It’s understandable why we’ve generally accepted the rightwing line that “you can’t just throw money at the problem” of poverty. It seems far too simple: people do not have enough money, ergo give them money.
So we end up kind-of-agreeing with the idea that it’s all a big complicated systemic mess which needs to be handled in a number of different ways, which conveniently enough always end up funnelling money into the hands of private business (so they’ll “create jobs”) and making life even harder for the people who have the least (to ensure they’re “deserving”).
The thing is … money basically does fix the problem. Dr Jess Berentson-Shaw of the Morgan Foundation writes at the DomPost:
Boost the incomes of the poor with no conditions attached? Cups of tea will be spat onto the newspaper across New Zealand. However, when we brought together the highest quality evidence, the science was clear. Many will claim there is no silver bullet for fixing child poverty, but the evidence suggests they are not quite right. The best evidence we have tells us that boosting the incomes (without strings attached) for our poorest families will close about half of the gap in health, education, and employment between the haves and the have nots.
The research shows it. The Economist says it. And it does simply make sense, because we live in a capitalist society. In Simpsons quotes, this means:
Money, and having it, and utilising it to get the basic necessities of life, is basically the central pillar of human life in a capitalist society. (It shouldn’t be, but that’s a whole other post.) Poverty is the specific lack of money. And it’s not like there isn’t enough money to go around: it’s simply being funnelled into the hands of a few. I may sound a little leftwing here, but you know what the obvious conclusion is to me?
We fix poverty by redistributing the wealth of the nation more fairly.
For the NZ left in 2015, however, there’s a few challenges to face. We’ve accepted a lot of rightwing framing about the deserving poor, the undeserving poor, and the supremacy of paid work as the be-all and end-all of human value. It’s not a simple matter of taking this research and saying “see? Money does fix the problem!” Because it’s been a very long time since Labour, at least, was the party of raising benefits and supporting the poorest New Zealanders unconditionally.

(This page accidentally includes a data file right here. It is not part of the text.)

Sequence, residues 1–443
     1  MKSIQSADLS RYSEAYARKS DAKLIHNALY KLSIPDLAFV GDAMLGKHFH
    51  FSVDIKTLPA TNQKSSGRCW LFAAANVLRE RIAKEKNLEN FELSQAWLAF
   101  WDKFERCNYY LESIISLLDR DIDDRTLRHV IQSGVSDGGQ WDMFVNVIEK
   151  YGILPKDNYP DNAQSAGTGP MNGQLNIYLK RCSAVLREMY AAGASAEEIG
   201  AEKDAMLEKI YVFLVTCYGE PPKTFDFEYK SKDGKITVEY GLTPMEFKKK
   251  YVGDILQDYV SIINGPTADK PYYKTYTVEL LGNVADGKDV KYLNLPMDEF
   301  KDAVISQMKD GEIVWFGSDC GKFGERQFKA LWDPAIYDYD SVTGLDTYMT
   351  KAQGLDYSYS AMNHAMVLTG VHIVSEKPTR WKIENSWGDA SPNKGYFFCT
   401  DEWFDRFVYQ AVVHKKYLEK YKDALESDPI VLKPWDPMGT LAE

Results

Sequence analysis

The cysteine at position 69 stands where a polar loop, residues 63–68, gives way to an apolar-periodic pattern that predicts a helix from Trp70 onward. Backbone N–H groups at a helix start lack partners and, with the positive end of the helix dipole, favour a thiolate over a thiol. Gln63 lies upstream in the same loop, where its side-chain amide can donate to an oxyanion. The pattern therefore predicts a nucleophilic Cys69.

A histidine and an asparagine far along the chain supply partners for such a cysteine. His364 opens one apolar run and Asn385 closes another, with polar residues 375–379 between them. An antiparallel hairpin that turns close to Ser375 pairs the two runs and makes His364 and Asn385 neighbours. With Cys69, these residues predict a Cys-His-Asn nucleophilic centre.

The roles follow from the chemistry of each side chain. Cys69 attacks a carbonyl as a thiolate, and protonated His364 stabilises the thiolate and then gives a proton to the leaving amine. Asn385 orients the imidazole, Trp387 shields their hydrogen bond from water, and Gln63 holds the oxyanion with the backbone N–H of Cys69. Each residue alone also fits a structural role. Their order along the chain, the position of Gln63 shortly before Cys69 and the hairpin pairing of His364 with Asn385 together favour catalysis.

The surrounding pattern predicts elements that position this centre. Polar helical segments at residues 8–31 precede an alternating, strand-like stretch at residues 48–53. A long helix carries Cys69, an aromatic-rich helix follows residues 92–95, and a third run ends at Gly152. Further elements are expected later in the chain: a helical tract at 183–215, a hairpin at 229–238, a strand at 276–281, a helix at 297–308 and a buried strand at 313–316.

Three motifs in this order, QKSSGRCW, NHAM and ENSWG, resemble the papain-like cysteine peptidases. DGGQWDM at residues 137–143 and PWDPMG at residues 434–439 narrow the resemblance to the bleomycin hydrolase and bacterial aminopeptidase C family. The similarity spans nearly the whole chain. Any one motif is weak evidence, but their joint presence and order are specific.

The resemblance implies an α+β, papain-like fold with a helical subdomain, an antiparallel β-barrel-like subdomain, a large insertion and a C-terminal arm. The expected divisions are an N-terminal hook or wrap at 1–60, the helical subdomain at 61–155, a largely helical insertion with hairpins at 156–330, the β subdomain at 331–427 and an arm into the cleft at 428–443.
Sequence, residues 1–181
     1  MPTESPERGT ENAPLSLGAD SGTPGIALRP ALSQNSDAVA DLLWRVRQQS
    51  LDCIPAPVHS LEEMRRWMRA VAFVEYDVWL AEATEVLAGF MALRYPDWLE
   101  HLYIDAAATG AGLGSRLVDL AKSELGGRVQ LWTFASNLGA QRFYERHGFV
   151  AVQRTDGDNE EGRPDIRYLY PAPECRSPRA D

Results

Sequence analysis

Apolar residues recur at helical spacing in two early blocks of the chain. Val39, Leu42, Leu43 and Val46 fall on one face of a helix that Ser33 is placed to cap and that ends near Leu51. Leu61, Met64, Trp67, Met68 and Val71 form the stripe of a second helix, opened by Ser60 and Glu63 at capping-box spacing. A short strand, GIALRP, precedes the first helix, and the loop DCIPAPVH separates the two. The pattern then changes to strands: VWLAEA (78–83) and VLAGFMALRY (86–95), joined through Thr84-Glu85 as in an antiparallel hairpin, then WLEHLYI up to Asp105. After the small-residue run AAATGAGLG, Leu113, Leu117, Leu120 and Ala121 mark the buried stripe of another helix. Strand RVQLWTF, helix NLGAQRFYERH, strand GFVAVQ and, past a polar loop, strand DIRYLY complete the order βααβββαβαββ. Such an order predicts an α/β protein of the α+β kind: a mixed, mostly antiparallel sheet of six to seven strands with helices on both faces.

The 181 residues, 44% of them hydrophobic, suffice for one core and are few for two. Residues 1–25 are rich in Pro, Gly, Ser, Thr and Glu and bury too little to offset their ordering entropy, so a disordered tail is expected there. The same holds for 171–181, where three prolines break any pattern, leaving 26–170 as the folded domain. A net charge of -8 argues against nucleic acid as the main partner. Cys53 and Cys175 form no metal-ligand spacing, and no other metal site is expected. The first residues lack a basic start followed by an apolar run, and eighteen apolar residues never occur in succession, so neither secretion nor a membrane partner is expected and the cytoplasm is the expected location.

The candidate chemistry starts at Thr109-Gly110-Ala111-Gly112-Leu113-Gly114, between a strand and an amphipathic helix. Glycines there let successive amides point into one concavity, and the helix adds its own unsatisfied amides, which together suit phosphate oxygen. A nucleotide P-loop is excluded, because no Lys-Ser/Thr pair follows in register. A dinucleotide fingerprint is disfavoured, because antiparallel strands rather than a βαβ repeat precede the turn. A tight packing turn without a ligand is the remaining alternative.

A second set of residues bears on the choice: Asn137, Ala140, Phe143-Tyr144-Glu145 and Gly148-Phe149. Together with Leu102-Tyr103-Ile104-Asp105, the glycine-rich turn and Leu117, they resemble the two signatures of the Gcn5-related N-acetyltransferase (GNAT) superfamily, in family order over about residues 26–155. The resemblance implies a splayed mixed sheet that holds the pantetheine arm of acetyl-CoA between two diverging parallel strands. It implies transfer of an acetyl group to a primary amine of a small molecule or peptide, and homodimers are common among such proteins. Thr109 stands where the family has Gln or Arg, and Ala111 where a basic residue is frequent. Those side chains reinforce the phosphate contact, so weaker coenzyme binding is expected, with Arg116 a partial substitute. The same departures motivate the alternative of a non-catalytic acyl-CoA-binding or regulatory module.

Berentson-Shaw also says:
Pushing parents into work simply shifts them from welfare poor to working poor; between 40 and 50 per cent of our kids in poverty have working parents. The only time in recent years New Zealand reduced child poverty was when we gave cash to some poor via Working for Families.
And Working for Families was explicitly denied to parents on benefits. It was a step in the right direction – but one only taken by reinforcing the idea that the children of beneficiaries can be used as leverage to force their parents into paid work. By accepting that beneficiaries must be forced into paid work. Even when its simply not available.
I’m looking forward to seeing the next two articles on poverty in the DomPost. New Zealanders already agree that inequality is a massive issue and needs to be addressed. Hopefully we can change the conversation from the mean-spirited rightwing frame and get the basic message out there: we are a nation of people who care for each other. We can ensure that every family has the basics of life, and a life with dignity. That means a great public education system, healthcare, state-provided housing, feeding the kids, and giving everyone enough to live on.
It may be that giving people money is “only” a short term fix for their situation. But I care about people, so here’s what it comes down to: right now, there are kids going hungry in our country. Paying their parents enough to put food on the table means those kids aren’t going hungry. If your preferred solution is “let those kids continue to go hungry while we address the Wider Issues” I am not going to be subscribing to your newsletter.